Now our missing pieces of data do make some of this a little “fuzzy” and the “by HP” data is a bit all over the place. But even so it’s pretty easy to see the bands the trendlines form and the areas they highlight. If you ignore everything except the bands you’ll think to yourself “why it’s an easy linear progression from 10-ish to 20-something”.
So there are a lot of ways of looking at this data. It takes much longer to write about than to do. It probably takes much longer to read and understand than to do, if you haven’t done it before. But once you are used to it it’s pretty quick and easy to do.
|* +/- 2 standard|
It’s trivial to build a progression table from 11.90 to 17.00 in Excel and rounding off the decimal position (a common trick in RPG design). An increase of 5 over 20 levels does marry up nicely with the PCs’ average attack progression (from +5 through +10). So that’s a good starting point. With a little tinkering we find that the actual range 11.90 to 17.60 provides the closest alignment with the green and blue data points. That’s a neat progression of 0.30 per level.
So do I have any concerns? Well, yes. I agree with most playtesters on the WotC forums that monsters and encounters are too easy, as things stand. And most of this comes back to the monster math. Where does AC factor into this? Well these numbers assume, like the matching Class stats, no power scaling outside the base progression. If your PCs have a stack of magic weapons and buffs, for example, that makes a difference and you need to adjust for it.
Without considering Magic Items and similar - how much can we adjust AC without skewing things too badly against the PCs? Well the variance of AC for most data points is around 5, so +/-5 AC for the creature’s level is within normal bounds. A creature with an AC 5 higher than it’s fellows is quite special, tho. Looking through random examples of these fringe cases, most are named monsters. So I’d recommend using +/-2 AC for most creatures and going beyond that only for special creatures.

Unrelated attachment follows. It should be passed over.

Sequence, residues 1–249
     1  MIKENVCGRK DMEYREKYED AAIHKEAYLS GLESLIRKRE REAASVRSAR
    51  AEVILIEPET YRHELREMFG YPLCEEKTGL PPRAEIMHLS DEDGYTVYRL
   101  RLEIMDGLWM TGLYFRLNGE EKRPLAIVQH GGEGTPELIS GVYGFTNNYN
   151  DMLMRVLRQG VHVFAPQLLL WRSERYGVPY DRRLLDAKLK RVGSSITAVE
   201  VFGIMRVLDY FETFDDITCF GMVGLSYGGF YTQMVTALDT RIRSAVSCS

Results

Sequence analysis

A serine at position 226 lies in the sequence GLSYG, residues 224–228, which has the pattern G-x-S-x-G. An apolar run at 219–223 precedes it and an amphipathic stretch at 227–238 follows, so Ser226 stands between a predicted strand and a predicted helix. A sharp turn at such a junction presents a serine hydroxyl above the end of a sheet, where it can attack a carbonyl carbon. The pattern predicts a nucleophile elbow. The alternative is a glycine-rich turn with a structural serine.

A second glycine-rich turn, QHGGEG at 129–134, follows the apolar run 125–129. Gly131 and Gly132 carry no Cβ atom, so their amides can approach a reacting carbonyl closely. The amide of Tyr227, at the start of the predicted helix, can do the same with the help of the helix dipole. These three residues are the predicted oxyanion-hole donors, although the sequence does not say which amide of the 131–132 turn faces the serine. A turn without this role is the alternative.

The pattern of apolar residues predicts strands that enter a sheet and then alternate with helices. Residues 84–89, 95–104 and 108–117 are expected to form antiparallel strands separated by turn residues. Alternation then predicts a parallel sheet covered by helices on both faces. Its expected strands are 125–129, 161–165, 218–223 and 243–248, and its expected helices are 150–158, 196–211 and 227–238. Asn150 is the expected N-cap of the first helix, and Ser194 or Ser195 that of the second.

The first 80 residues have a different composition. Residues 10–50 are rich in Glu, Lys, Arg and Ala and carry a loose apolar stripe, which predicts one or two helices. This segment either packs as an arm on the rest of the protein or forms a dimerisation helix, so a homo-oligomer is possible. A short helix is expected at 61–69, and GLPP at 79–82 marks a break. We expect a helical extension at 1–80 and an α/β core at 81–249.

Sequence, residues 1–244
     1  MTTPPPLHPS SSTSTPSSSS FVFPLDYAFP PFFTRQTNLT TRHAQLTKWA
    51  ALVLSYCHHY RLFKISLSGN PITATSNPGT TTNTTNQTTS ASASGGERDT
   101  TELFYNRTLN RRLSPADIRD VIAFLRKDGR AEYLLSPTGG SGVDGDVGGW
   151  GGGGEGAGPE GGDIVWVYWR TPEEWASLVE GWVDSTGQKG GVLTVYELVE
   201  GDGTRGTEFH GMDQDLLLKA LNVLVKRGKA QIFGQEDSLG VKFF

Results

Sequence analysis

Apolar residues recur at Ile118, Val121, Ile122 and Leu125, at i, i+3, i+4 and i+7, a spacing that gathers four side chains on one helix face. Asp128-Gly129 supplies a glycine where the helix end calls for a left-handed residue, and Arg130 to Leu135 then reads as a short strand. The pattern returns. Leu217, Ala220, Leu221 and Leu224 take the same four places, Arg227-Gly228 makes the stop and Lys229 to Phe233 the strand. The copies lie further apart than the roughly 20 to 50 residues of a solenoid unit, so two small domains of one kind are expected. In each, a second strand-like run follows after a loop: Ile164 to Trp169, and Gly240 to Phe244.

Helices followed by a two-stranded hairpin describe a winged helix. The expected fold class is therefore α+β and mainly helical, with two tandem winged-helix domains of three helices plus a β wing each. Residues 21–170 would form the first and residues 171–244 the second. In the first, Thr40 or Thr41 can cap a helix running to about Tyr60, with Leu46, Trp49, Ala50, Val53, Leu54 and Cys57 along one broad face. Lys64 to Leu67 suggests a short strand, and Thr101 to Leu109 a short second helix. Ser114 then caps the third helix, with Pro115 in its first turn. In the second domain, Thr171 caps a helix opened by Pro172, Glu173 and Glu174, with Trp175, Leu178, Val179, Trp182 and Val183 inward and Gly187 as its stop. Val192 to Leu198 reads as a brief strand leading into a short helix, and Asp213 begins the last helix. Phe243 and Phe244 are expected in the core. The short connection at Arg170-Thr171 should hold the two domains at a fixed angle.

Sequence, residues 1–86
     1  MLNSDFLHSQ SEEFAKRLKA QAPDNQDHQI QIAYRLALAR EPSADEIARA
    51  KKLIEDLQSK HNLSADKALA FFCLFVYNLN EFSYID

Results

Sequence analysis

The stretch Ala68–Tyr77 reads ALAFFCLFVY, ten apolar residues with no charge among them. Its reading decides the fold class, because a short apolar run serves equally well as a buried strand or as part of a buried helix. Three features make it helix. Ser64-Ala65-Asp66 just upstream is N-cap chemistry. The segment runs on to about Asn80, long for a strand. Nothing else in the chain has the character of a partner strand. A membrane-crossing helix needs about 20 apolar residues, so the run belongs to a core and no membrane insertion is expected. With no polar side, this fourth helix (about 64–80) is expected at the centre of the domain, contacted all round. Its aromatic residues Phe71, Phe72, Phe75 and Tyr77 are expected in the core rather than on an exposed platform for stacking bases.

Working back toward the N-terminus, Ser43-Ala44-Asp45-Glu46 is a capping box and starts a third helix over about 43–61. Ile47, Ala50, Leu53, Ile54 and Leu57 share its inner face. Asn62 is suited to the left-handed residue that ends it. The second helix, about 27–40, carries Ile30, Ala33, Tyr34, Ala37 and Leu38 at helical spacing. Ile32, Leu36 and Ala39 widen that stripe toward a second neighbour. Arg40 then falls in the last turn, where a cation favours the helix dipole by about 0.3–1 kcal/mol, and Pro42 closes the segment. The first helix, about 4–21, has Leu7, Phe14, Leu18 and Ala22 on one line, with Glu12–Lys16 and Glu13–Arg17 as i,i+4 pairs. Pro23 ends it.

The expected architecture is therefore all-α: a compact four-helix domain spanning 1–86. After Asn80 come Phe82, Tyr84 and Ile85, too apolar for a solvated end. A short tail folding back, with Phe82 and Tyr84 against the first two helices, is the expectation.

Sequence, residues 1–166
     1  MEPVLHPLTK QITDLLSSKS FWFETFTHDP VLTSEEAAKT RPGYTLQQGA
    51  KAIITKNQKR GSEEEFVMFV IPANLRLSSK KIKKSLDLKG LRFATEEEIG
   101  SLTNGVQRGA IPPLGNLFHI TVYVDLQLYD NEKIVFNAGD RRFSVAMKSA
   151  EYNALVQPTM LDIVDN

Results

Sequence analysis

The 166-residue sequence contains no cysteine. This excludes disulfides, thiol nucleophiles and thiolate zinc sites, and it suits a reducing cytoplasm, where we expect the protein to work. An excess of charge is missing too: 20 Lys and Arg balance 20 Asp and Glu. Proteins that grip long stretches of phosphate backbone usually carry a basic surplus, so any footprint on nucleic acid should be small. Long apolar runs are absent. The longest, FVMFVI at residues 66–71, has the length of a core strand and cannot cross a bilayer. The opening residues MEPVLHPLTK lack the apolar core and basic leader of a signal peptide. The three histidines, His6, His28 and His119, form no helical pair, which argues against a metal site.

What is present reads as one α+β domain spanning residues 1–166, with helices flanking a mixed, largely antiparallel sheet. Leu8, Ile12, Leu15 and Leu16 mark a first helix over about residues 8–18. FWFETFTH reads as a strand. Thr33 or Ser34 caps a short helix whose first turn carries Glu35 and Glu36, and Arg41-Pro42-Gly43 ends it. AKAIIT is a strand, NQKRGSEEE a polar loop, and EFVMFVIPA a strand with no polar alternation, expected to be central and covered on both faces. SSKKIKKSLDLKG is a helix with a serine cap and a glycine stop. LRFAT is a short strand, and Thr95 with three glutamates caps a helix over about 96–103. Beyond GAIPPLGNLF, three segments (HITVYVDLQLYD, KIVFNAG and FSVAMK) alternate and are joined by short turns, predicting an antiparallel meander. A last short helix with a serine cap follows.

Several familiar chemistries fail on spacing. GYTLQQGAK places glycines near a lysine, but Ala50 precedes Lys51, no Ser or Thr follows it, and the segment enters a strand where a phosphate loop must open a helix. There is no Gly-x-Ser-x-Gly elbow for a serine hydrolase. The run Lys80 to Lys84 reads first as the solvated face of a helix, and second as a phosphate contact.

So a level 10 creature with AC16 (instead of AC14) will be a little harder to hit, but for a named enemy you could go up as high as AC19 to put a little extra pressure on the PCs. But this is more about understanding your group and the variability in the system than the base numbers. So it’s probably sufficient to simply make some footnotes on our table.
So how do we know, with any certainty, that our table is correct? I used a couple of basic mathematical verifications.
First, I simply subtracted the average PC attack bonus for a given level from the AC for a creature of that level. The result was an average 7.08 for each level with a variance of 0.111 (stdev 0.334), which was randomly distributed throughout the progression.
Second, I divided PC the average AC for the level by the level’s recommended monster AC. The results was an average 0.90 with a variance of 0.001.
So I have quite a high degree of faith in this table.
In reality this validation is built right into the process – it’s a separate table in my Excel spreadsheet that references the AC table I am building, right alongside the AC table. So visually I can immediately see the results of changing one cell or the whole series. Sometimes I hide this table, because I don’t want it to influence my tests and conjectures. But it does allow me to seek the closest match when I need to.
Check back in a couple of days for the next installment Interlude: A New Packet...